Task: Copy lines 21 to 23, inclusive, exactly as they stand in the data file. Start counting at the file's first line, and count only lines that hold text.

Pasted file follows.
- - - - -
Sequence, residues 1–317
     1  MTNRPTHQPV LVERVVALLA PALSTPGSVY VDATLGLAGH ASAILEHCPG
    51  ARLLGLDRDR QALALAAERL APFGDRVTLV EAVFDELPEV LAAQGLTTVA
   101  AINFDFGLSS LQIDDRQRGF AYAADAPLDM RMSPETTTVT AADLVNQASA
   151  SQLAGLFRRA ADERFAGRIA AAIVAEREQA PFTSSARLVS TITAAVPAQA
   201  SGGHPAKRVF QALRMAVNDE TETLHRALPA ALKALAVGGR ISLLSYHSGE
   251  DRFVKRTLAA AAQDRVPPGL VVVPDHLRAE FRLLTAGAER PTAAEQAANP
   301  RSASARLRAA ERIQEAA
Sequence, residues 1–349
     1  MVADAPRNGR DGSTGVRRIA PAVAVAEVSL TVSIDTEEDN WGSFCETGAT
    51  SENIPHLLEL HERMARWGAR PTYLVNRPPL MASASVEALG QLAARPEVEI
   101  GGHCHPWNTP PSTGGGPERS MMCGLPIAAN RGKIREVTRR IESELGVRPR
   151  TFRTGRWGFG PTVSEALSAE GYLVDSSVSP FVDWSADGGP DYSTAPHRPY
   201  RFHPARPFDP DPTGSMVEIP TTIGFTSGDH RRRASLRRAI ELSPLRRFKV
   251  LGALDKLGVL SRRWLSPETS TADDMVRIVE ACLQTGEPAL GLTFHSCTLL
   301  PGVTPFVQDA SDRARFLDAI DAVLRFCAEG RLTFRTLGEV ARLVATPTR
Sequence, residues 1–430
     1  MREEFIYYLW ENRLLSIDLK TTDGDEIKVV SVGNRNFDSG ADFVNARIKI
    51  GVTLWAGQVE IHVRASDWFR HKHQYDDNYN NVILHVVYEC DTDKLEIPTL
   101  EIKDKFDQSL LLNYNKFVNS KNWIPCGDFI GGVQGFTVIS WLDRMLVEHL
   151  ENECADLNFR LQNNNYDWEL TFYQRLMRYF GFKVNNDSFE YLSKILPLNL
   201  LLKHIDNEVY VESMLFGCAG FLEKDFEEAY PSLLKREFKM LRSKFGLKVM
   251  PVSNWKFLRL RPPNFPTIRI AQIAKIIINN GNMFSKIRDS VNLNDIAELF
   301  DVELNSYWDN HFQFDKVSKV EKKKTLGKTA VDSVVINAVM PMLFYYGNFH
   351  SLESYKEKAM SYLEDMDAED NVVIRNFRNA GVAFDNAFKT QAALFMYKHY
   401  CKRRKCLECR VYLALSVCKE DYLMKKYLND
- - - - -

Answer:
   151  ENECADLNFR LQNNNYDWEL TFYQRLMRYF GFKVNNDSFE YLSKILPLNL
   201  LLKHIDNEVY VESMLFGCAG FLEKDFEEAY PSLLKREFKM LRSKFGLKVM
   251  PVSNWKFLRL RPPNFPTIRI AQIAKIIINN GNMFSKIRDS VNLNDIAELF